Clarence Brumley Sprouse, a real-life American hero, passed away on August 14, 2018 after 93 years of adventure and achievement that took him far away from the coal mines of his native West Virginia. Clarence's father was a coal miner by day and a preacher by night. All of Clarence's brothers worked in the mines and one brother died down there. Despite the dangers, Clarence loved the cool temperature deep in the mines and the pay was good, especially for a 14-year-old.
When WWII broke out, Clarence was determined to fight for his country, so although he was underage, he had a friend forge his parents' permission and he enlisted in the Army and became part of the 188th Airborne Infantry. He shipped out to the Pacific and led a rifle platoon through the steaming, malaria-infested jungles of Leyte and Luzon. He told vivid stories about the fighting spirit of the Japanese defenders who would rather die than surrender. Night after night, Japanese soldiers attacked American lines, screaming "Banzai" and waving their swords in suicidal assaults.
After the war, Clarence returned to the mines of West Virginia but the work was sporadic, so he enrolled in school where he met a beautiful 18-year-old girl, Charlotte Emmogene Lilly, and after a whirlwind courtship, they crossed the state line into Kentucky and got married. Emmogene was the love of his life and was a vital part of the success and accolades Clarence received during his military career. In 2006, after nearly 60 years of marriage, Emmogene died unexpectedly in her sleep and her death left a void that could never be filled.
Clarence reenlisted in the Army in 1949 with the 187th Infantry Regiment of the 101st Airborne Division and was sent to North Korea, shortly before the Chinese divisions crossed the Yalu River and caught the American and UN forces completely by surprise. Clarence led his rifle platoon through enemy lines, fighting every step of the way, until they finally reached the American positions. For his intrepid and inspiring leadership under the most adverse conditions, Clarence was awarded the first of his two Silver Stars and was given a battlefield commission.
Success followed success and Clarence became the Sergeant Major of the 187th Airborne, then the Sergeant Major of the 82nd Airborne. He completed the 7th Army's NCO Academy with a perfect score, something that had never been done before and that could never be surpassed.
In 1961, Clarence was handpicked by the CIA to train the 1400 Cuban expatriates who intended to invade Cuba and topple Castro's communist government. Clarence accepted the challenge and relocated to Guatemala to begin the task of moulding doctors, lawyers, teachers and other non-military types into soldiers capable performing under combat conditions. Clarence admired the courage and tenacity of these brave men who were willing to sacrifice everything to overthrow Castro. For years afterwards, the American Cuban community honoured Clarence for all he did to help in their valiant but unsuccessful invasion.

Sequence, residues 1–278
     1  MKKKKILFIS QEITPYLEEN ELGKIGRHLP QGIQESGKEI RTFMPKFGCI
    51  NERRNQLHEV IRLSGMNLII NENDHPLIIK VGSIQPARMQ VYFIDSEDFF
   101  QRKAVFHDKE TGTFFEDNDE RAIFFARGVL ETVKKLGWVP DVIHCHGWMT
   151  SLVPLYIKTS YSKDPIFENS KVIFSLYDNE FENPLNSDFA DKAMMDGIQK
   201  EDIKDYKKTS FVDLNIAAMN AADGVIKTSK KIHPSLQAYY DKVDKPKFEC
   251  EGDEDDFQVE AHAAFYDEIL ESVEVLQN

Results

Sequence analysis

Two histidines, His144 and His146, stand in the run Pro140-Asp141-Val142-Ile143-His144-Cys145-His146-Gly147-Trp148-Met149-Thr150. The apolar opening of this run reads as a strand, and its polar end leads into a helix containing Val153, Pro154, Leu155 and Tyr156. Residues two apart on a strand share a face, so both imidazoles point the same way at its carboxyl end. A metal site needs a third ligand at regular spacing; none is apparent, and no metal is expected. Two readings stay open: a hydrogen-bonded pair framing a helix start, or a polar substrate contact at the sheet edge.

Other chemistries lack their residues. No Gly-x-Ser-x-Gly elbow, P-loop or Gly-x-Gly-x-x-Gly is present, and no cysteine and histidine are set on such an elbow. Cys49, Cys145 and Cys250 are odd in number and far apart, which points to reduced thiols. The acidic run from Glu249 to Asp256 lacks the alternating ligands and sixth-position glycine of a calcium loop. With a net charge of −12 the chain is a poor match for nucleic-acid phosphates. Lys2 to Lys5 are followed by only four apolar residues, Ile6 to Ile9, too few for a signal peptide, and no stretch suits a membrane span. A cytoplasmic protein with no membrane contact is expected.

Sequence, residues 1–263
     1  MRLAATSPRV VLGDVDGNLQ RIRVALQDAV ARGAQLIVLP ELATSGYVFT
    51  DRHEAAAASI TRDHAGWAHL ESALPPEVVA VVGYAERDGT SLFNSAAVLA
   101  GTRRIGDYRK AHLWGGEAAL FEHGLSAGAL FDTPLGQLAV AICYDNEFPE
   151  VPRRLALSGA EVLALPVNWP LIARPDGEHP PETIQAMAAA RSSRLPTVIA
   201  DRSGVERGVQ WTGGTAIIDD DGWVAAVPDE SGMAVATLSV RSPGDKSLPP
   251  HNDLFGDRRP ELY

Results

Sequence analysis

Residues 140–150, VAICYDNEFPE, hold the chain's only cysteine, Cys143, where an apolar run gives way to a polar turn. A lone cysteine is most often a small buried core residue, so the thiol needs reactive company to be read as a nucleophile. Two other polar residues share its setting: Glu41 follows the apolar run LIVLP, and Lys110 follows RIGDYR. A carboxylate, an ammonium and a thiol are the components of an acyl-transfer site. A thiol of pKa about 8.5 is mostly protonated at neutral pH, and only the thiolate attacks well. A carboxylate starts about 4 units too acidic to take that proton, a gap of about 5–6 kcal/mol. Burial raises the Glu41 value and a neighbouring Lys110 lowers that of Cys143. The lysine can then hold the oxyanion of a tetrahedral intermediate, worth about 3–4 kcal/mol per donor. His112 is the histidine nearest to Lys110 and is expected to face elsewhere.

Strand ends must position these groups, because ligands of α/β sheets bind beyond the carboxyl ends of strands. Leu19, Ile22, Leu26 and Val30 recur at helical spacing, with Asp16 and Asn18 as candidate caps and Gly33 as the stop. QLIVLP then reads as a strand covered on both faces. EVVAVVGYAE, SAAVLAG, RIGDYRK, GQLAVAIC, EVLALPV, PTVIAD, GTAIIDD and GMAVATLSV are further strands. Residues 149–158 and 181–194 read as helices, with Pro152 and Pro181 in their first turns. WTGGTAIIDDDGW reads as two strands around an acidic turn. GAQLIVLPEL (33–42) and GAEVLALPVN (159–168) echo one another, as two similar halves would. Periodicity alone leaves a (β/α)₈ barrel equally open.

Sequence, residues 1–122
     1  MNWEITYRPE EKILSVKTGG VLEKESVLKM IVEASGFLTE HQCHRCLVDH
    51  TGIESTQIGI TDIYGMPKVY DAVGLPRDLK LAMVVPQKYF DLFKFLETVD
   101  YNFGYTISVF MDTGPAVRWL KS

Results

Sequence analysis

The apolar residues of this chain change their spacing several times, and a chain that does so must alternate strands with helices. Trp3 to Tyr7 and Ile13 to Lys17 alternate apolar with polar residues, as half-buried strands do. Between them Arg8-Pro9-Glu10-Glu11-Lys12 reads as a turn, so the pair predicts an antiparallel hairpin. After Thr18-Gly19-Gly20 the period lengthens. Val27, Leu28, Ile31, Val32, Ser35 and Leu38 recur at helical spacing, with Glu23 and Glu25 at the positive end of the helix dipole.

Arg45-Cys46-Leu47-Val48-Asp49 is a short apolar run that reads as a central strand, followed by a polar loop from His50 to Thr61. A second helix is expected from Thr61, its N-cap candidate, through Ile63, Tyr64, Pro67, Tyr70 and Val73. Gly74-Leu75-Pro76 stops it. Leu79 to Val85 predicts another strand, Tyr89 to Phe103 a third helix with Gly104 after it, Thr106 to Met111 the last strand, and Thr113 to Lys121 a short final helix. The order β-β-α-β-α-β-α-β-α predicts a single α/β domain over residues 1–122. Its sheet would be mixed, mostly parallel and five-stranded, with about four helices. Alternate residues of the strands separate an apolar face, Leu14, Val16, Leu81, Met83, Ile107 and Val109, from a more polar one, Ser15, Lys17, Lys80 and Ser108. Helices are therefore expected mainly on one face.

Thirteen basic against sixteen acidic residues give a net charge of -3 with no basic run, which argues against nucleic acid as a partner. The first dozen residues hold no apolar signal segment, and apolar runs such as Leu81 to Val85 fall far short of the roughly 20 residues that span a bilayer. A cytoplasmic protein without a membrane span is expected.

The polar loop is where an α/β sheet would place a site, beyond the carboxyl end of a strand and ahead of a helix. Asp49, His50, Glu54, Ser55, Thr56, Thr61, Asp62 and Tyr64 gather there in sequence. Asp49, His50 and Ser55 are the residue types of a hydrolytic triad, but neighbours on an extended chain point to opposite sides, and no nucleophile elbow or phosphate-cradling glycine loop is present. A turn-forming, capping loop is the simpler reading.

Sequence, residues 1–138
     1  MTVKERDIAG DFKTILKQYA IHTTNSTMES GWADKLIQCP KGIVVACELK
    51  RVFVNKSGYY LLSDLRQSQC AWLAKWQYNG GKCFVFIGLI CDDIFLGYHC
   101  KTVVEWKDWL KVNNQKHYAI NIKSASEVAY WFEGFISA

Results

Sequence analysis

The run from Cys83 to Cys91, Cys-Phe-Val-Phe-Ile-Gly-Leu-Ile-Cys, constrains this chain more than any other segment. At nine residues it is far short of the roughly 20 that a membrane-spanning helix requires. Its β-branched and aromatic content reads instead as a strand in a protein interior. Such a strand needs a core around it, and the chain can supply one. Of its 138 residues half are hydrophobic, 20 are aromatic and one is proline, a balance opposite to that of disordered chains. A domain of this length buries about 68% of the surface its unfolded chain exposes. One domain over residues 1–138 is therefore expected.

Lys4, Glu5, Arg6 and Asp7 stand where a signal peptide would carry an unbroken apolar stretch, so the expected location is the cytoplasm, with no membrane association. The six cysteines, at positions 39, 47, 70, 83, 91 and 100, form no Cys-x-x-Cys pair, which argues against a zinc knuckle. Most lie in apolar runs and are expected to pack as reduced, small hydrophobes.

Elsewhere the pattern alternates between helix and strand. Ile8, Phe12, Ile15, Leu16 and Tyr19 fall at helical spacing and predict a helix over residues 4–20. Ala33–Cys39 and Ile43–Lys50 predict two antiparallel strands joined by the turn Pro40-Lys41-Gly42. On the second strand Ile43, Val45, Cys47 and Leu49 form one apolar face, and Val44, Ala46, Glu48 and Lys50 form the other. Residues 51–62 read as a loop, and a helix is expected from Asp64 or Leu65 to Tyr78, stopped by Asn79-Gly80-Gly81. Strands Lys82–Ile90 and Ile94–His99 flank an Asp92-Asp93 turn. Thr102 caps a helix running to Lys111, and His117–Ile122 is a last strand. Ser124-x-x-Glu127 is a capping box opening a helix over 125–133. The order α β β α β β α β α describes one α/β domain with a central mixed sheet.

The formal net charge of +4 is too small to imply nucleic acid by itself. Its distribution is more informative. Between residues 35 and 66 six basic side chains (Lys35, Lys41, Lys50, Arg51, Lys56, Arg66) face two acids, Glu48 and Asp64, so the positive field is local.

In the mid-1960s, Clarence was offered the newly created position of Sergeant Major of the Army's Enlisted Personnel Directorate, which made Clarence the highest ranking NCO in the Army. The war in Vietnam was in expanding and Clarence did not want to miss the action, so he traded his high ranking staff job to become the Command Sergeant Major of the 1st Infantry Division (the "Big Red One") in Vietnam.
While is Vietnam, Clarence earned his second Silver Star and was again given a battlefield commission as an officer. For several months, Clarence relinquished his command in order to lead a rifle company in the field. Clarence was awarded the Triple Combat Infantry Badge, an award restricted to Army enlisted soldiers who fought in ground combat in three different wars. Clarence's wars were WWII, Korea and Vietnam. There are very few soldiers who can claim this coveted award and Clarence was very proud to be one of them.
Major General William DePuy, Commander of the Big Red One while Clarence was in Vietnam, called Clarence "the perfect soldier" and the bravest man he ever met. General DePuy asked Clarence to help develop the jungle warfare curriculum that is
still taught at the Army Infantry School at Ft. Benning, Georgia.
Clarence finished his military career at Ft. Sam Houston and when he retired, he was the most highly decorated individual in the 5th Army with over 80 decorations. Following retirement, Clarence purchased the Dunkin'Donuts franchise for San Antonio and over the next 25 years expanded the business from one location to thirteen by the time he retired from his second career.
Clarence is survived by three children: Sharon Gail Joyce, Kimberly Ann Zoeller and Kelly Vaughn Sprouse and four grandchildren: Andy Sprouse, Andy Joyce, Zoe Zoeller and Masha Sprouse and one great grandchild: Violet Joyce. Clarence was proud of each one of them and loved them deeply.
Clarence's 93 years were filled with adventure and success but through it all, he remained modest and good humoured about all that he had accomplished. His intelligence, loyalty and bold courage in the face of every challenge left an indelible mark on all who knew him and loved him and those who were fortunate enough to call him a friend.
Clarence will be interred at Ft. Sam Houston National Cemetery on Wedsday, October 10, 2018, at 11am with Full Military Honors. In lieu of flowers, the family requests that any memorials be sent to the giver's charity of choice .
Fort Sam Houston National Cemetery
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